- The Washington Times - Monday, August 22, 2005

When Potomac pitcher Mike O’Connor came off the first-base side of the mound and missed a high chopper Sunday afternoon, he probably thought the play would result in a weak infield single. It certainly should have.

Instead, shortstop Ian Desmond swooped in and scooped up the ball in front of second baseman Shawn Norris. Without hesitation, Desmond shoveled the ball with his glove nearly 30 feet to first baseman Josh Whitesell just in time to beat the runner.

“I just go for every ball, and however I can get the ball to first, I’ll do it,” Desmond said.

Immediately the press box at Pfitzner Stadium was buzzing with chatter.

Has anyone ever seen a shortstop make a play that far on the second-base side of the field?

Has anyone ever seen a SHORTSTOP flip the ball with his glove to first base?

The answers unanimously were no and no.

“He makes those kinds of plays, although no two are ever the same,” Washington director of player development Adam Wogan said. “He makes plays I’ve never seen before. He has a chance to be special defensively. There are things he needs to work on to be more consistent, but based on his age, there are other guys who are older and at higher levels who need to work on those same things. If he could do that, he’d be in the big leagues right now regardless of how he hits.”

Desmond was the organization’s third-round pick in the 2004 draft. He struggled at the end of last season, but he has rocketed to the forefront of Washington prospects this season.

It began during spring training, when the 19-year old Desmond wowed the organization’s top officials with his defensive wizardry and a poise that is extremely rare for someone his age. He hit better than anyone could have expected. General manager Jim Bowden even compared Desmond to Derek Jeter.

“It was definitely fun. I played well there, but I was too young,” Desmond said. “I still have a lot of things to learn. That is the kind of stuff that makes you better. It was a great experience.”

After spending the first half of the season at Class A Savannah, Desmond was promoted to Potomac, where he is one of the youngest players in the league. He doesn’t turn 20 until next month.

Last year Desmond committed 25 errors in 51 games as a professional. Those numbers were down at Savannah, but he has committed 14 in 42 games at Potomac.

“We firmly believe the error totals are a result of him getting to more balls and making attempts on plays that other guys wouldn’t have a chance on,” Wogan said. “There are certain routine plays where he doesn’t set his feet right or he doesn’t position himself properly. Anything he does [wrong], he never makes the same mistake twice.”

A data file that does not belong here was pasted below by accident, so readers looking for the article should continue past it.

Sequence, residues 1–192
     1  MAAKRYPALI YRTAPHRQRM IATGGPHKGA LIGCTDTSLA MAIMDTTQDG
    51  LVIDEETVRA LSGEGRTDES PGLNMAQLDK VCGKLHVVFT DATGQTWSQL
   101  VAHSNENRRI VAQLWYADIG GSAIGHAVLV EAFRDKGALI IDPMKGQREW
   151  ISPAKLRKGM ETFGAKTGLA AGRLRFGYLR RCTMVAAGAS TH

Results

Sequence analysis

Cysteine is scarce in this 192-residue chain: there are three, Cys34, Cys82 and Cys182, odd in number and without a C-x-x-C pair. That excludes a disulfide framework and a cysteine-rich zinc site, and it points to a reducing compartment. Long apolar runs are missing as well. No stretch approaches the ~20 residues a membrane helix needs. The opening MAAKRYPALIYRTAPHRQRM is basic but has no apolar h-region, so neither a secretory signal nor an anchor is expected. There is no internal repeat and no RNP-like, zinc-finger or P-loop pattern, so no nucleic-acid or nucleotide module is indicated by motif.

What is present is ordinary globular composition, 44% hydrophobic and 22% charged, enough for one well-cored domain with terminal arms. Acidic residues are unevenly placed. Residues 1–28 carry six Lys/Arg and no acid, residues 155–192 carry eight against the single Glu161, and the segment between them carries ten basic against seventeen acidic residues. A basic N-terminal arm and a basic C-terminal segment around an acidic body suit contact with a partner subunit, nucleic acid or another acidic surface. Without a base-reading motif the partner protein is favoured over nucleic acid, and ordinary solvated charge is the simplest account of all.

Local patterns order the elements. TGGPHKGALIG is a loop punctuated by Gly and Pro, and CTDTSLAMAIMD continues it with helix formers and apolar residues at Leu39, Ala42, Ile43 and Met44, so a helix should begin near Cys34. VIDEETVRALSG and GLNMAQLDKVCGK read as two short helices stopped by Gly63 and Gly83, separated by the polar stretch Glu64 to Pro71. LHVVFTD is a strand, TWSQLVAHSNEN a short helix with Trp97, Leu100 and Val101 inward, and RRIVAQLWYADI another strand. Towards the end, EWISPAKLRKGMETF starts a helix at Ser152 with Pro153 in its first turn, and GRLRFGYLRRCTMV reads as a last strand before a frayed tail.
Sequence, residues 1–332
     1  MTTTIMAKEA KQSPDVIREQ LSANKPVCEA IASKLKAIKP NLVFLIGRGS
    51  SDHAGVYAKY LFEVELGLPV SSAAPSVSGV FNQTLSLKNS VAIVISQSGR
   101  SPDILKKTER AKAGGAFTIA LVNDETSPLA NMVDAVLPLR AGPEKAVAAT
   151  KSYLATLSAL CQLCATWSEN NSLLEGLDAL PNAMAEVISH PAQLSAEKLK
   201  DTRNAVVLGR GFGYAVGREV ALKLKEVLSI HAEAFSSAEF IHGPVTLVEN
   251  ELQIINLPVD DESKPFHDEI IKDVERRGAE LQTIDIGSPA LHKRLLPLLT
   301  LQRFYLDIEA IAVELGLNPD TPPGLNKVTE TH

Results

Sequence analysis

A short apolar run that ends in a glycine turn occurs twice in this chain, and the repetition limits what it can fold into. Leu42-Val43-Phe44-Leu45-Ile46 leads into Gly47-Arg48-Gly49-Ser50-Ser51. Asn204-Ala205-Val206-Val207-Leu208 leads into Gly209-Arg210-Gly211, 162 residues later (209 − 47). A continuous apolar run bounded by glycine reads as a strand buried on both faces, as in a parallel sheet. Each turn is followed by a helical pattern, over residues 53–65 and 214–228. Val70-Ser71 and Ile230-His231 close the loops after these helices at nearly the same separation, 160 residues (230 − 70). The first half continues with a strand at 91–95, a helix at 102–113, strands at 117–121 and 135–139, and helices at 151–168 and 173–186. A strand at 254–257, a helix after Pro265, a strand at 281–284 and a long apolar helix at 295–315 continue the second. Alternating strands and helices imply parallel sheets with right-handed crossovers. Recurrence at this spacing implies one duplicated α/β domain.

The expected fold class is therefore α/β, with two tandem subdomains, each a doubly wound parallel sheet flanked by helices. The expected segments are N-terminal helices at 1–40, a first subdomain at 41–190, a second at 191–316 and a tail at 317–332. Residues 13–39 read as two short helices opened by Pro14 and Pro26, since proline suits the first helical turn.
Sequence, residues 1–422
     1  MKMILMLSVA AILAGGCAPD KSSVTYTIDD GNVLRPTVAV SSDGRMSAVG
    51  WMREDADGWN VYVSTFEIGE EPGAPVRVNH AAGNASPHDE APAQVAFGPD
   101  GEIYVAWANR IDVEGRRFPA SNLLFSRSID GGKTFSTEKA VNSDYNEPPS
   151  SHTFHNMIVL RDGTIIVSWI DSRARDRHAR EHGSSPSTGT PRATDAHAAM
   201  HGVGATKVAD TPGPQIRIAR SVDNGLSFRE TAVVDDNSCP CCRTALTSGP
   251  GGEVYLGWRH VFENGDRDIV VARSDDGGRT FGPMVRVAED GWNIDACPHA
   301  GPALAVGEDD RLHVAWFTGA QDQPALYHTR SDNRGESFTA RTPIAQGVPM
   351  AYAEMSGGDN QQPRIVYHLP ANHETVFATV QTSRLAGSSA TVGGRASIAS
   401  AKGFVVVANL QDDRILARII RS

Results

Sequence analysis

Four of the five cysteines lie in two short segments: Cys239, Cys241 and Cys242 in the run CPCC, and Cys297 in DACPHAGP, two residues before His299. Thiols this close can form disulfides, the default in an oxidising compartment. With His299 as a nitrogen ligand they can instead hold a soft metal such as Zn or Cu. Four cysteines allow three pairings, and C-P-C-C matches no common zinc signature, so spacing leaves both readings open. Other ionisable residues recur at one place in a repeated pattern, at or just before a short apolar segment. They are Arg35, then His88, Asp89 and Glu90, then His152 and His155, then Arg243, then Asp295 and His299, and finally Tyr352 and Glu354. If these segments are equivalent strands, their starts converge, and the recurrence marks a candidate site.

While his glovework ranks among the elite, questions about his bat remain. He’s hitting .268 since his promotion, an improvement from the .247 clip at Savannah. He also has walked more and struck out less, and Wogan lauded his willingness to make adjustments.

“I don’t know if there are things I need to work on so much as things I need to learn, like, what to do in certain situations,” Desmond said. “Like what pitches they are going to throw to me in certain at-bats. I think the more games I play in, the better off I’ll be.”

Farm notes — A pair of Nationals prospects will not play again this season because of shoulder troubles. Pitcher Daryl Thompson had minor shoulder surgery, and Wogan said he expects Thompson to be ready next spring. Outfielder John Michael Howell — the organization’s ninth-round pick in this year’s draft — was off to a great start at short-season Class A Vermont (.363 in 113 at-bats) but complained of shoulder soreness and was shut down. …

An early report on Ryan Zimmerman’s first week at shortstop: “The word is that he looks just as comfortable at short as he did at third,” Wogan said. “We know his hands and his arm are very, very good from what we saw at third base. It’s just a matter of how he reacts and how he turns the double play. So far, he’s been solid.”

Wogan said Zimmerman, Larry Broadway and likely Brendan Harris will be three of the six Nationals prospects to play in the Arizona Fall League. The league consists of six teams, and each organization sends six of its top prospects primarily from Class AA and Class AAA.

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